Fortunately, there are some very helpful resources that do a fine job of explaining what’s involved in creating decorative concrete, the equipment needed and the methods to use when creating it. For its part, the Decorative Concrete Institute offers a number of training programs and seminars. For more information, visit www.decorativeconcreteinstitute.com.
Harris notes that with the right training, a rental business that already serves concrete paving contractors might be able to make the leap into decorative concrete as well. The equipment, such as stamping patterns and consumable items such as concrete stains and additives, do not involve a huge capital outlay. The biggest investment would be in the time and commitment involved in getting the necessary training.
Can it be done?
Establishing a new niche for your rental business is no easy task, particularly if the niche you’ve chosen is an area that is new to you. If your market can support it, however, there’s no reason to balk at the idea of becoming educated on a new line of equipment and the processes it is used in.
Harris at the Decorative Concrete Institute cautions rental businesses contemplating getting into this line of business that there are some in his industry who would like to keep the art of decorative concrete left strictly to the professionals.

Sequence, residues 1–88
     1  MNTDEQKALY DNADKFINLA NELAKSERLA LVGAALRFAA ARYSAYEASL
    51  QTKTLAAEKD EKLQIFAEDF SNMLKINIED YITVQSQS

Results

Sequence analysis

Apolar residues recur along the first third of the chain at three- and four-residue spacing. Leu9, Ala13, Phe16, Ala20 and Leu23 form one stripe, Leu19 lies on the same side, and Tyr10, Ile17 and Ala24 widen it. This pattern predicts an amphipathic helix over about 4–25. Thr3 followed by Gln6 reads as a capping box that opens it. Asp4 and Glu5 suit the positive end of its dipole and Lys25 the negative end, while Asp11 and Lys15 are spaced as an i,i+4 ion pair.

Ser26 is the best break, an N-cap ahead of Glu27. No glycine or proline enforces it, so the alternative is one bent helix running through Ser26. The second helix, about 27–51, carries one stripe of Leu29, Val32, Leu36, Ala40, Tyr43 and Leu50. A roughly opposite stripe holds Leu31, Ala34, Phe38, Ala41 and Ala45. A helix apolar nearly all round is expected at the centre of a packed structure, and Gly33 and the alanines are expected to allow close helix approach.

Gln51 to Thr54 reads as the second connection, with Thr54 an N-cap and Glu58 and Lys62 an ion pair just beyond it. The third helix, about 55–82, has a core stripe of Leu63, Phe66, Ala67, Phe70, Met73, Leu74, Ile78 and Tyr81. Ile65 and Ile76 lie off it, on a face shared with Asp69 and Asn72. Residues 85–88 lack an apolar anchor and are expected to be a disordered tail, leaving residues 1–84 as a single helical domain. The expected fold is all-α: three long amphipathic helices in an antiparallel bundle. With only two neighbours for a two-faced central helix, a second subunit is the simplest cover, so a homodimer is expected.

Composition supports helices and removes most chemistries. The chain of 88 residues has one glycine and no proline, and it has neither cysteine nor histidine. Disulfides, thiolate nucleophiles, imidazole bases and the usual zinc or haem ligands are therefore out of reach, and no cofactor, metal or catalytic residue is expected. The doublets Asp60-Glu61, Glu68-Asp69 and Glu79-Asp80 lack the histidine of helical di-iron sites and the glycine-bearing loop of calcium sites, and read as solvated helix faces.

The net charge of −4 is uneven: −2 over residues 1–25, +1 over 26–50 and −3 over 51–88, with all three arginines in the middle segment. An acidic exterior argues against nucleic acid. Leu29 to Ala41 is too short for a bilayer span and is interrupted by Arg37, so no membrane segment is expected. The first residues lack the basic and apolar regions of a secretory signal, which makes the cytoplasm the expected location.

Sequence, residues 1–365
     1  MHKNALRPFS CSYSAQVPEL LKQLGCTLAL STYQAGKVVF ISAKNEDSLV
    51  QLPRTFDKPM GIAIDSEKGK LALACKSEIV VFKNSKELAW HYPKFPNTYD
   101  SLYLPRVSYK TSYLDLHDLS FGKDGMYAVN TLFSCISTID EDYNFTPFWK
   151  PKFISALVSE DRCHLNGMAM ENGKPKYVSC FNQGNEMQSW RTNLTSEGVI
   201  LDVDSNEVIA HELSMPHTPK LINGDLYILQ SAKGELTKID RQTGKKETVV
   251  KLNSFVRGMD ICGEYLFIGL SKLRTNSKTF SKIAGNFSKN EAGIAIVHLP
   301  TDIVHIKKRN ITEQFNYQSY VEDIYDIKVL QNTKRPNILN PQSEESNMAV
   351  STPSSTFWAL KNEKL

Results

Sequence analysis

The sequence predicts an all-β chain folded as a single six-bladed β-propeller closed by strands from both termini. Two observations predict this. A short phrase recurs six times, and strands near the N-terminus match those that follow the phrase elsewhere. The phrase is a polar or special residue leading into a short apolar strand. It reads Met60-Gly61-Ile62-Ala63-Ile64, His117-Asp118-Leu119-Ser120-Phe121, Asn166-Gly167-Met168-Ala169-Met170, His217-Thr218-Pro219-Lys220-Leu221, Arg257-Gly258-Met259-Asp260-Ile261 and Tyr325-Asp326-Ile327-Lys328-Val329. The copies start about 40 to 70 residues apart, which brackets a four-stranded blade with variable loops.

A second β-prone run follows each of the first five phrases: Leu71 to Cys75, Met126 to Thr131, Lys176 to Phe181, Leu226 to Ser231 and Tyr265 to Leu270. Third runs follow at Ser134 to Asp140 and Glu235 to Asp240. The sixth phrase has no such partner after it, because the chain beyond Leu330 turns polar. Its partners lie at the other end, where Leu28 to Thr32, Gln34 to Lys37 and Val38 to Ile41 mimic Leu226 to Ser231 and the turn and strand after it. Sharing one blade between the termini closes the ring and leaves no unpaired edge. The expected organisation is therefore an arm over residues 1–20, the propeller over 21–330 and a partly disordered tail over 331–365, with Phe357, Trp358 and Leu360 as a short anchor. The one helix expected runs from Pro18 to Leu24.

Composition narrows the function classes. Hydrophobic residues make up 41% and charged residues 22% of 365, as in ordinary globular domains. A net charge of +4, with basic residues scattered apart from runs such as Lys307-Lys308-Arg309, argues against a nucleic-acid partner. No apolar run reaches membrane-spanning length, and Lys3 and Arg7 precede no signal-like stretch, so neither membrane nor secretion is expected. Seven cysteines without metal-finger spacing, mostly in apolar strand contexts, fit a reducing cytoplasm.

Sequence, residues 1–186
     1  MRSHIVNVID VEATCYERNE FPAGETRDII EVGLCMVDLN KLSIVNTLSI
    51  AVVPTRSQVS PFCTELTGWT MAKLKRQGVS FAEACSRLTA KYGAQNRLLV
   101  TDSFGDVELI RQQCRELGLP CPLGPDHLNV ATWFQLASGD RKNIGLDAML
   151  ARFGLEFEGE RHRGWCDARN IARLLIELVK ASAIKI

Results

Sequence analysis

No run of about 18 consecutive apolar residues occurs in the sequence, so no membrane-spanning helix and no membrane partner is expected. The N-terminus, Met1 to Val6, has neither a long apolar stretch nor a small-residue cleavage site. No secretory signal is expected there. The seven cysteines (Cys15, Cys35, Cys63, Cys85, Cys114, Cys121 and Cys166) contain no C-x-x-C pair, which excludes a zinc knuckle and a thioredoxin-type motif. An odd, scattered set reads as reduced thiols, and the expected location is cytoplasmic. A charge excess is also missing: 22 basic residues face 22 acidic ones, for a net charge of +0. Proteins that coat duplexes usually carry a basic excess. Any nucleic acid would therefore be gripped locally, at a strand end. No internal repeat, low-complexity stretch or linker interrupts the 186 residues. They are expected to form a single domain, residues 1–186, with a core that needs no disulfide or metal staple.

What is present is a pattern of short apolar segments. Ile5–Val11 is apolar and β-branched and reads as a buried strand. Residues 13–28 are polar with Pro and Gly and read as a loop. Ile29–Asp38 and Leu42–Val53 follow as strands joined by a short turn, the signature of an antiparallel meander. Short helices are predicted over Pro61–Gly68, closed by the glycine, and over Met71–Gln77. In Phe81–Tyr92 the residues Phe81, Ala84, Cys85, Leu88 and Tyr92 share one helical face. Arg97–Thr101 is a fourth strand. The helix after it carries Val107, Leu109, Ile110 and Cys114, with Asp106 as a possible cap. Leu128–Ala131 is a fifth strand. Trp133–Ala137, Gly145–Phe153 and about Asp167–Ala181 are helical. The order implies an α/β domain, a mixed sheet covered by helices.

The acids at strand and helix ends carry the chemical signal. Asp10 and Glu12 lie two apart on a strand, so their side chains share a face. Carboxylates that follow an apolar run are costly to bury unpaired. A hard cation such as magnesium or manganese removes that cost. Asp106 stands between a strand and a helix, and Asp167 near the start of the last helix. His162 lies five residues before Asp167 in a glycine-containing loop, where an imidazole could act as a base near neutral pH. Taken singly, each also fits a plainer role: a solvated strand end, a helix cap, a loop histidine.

“There are some professionals who take offense to DIYers getting into it,” he says. “They can gripe and complain or they can try to be an agent for change. Either way, you can’t stop the DIYer.”
Regardless of whether it’s a seasoned professional or a weekend warrior doing the work, it looks like the face of concrete has changed forever, so it’s up to you to decide if your business can benefit from the trend.
“The design community has been the key to the rapid growth of the decorative concrete industry and with many qualified, innovative installers around the country, that rapid growth can continue,” says Fangman. “Decorative concrete is firmly entrenched as a paving/flooring choice within the building community now.”